top of page

Frequently Asked Questions

What is ketamine used to treat?

Ketamine is used to treat major depression disorder (MDD), post-traumatic stress disorder (PTSD), postpartum depression (PPD), anxiety, and suicidal ideation.  Ketamine is not intended to be a first-line treatment, and patients must prove they have failed at least two traditional antidepressants.  Ketamine may also be used to treat chronic pain conditions, such as complex regional pain syndrome (CRPS) and fibromyalgia.

Will ketamine work for me?

Like any medication, ketamine will not work for everyone.  However, many patients who have not responded to traditional antidepressants will respond to ketamine!  Multiple studies have shown that with a single dose infusion, 60% of patients will notice a reduction in depression symptoms within 24 hours.  After completing the initial six-infusion treatment phase, this number rises to nearly 80%.

Does the infusion hurt?

The infusion itself should not be painful.  Some patients complain of a slight discomfort at the site.  If this happens to you, please let your provider know-- we can work to make things more comfortable for you.

What does a ketamine infusion feel like?

No two patient experiences are the same, and your experience may vary from treatment to treatment.  Many patients have described a dream-like state, or feeling sedated.  Others may experience temporary changes in vision or thought processing.  If you experience any unwanted or unpleasant sensations, please alert your provider-- we are always able to make adjustments to your infusion.

Do I need a referral?

Yes!  We do require a referral from your mental health provider.  If you do not have a provider, please let us know and we can help connect you with one.

Are there any contraindications?

There are a few medical conditions that may be considered contraindicated in the administration of ketamine.  Please alert us if you have any of the following: severe cardiovascular disease, poorly controlled hypertension, increased intracranial pressure, increased intraocular pressure, psychosis (active or poorly controlled), severe liver disease (such as cirrhosis), active substance use disorder and pregnancy.

Is ketamine safe?

Ketamine is an extremely safe medication, having been used as an anesthetic agent for many years in both children and adults.  The dose required for antidepressant effects is much lower than that used in anesthesia.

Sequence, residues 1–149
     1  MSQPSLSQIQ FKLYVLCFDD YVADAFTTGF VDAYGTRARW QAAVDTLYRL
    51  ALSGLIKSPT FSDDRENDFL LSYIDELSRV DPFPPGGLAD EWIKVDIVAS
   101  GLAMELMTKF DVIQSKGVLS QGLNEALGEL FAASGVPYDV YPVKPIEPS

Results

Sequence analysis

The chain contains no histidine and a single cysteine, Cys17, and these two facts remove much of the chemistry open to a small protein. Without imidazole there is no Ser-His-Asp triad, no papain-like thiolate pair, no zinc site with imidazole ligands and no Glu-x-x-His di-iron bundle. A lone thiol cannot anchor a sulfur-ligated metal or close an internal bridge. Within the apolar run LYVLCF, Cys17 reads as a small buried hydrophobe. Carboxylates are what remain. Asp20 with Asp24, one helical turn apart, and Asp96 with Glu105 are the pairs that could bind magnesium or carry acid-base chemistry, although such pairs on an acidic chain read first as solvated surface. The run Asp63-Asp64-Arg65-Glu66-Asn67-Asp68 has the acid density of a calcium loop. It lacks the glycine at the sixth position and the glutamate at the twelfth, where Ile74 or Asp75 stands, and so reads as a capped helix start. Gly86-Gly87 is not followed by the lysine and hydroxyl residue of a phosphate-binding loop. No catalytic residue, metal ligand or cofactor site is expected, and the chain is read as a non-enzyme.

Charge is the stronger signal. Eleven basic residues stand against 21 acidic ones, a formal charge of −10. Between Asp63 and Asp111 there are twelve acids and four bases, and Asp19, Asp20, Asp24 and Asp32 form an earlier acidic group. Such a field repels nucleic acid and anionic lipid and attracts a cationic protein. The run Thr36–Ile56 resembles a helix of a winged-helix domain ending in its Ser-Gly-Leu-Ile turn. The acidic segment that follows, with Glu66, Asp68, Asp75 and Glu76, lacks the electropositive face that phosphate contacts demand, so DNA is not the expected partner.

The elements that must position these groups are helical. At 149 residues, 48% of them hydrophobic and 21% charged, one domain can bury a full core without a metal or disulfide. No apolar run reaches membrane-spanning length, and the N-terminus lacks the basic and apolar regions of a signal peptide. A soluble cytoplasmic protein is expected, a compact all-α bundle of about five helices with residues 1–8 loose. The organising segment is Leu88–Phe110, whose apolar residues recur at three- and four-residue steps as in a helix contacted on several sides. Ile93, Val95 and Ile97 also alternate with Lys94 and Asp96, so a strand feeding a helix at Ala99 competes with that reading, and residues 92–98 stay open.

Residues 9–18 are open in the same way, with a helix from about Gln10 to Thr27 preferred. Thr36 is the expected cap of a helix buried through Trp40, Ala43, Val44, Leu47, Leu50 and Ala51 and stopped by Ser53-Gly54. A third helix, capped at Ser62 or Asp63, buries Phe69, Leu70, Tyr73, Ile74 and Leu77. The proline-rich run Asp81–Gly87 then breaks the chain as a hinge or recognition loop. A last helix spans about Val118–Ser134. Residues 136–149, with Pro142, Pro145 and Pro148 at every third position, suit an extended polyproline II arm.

How many treatments will I need?

Based on multiple research studies, we recommend an initial treatment phase of six infusions over a period of three weeks for mental health disorders.  Since the response to ketamine is highly variable, we are unable to determine exactly how long the antidepressant effect will last following the infusion. Most patients return after a period of approximately 4-8 weeks for a booster.  Often times, a single booster will extend the response.

For patients seeking treatment for chronic pain, treatment plans may vary.  Please contact us for further information!

How long do the benefits last?

Response to ketamine is highly individual, so this is difficult to answer.  However, a series of six infusions will typically last anywhere from weeks to months, at which point a single booster infusion can help to extend the effects.

Is ketamine addictive?

Research has not shown ketamine to be addictive in the low, controlled doses administered as an infusion.

How much does the treatment cost?

One mental health infusion costs $450.  The six infusion package (our recommended initial treatment series) costs $2700.  Unfortunately, ketamine is not covered by insurance at this time, so payment is required at the time of service.  Financing options are now available-- please contact us for details.

For information on pain infusion pricing, please contact us!

What are the possible side effects?

Side effects of ketamine may include: drowsiness, euphoria, feelings of dissociation (feeling spacey, "woozy", or numb), increased blood pressure and/or nausea.  If you notice any unwanted side effects, please alert your provider!  We are able to make adjustments to your infusion if needed.

Who will be administering my infusion?

At Revival Infusion, a Certified Registered Nurse Anesthetist (CRNA), certified in ACLS (Advanced Cardiac Life Support) will administer your infusion, and continuously monitor your vital signs and overall comfort level.  You will have a provider with an extensive history of ketamine administration by your side, with many years of emergency preparedness should the need arise.

What is a CRNA?

Certified Registered Nurse Anesthetists (CRNAs) are board-certified advance practice nurses with a Masters-level education.  CRNAs have rigorous, extensive training in critical care and anesthesia administration.  They hold a high degree of autonomy, and are the sole anesthesia providers in most rural hospitals.  CRNAs are highly skilled in patient assessment, complex monitoring and IV insertion/administration.  We highly recommend ketamine, classified as a dissociative anesthetic, be administered by an anesthesia-trained professional.

bottom of page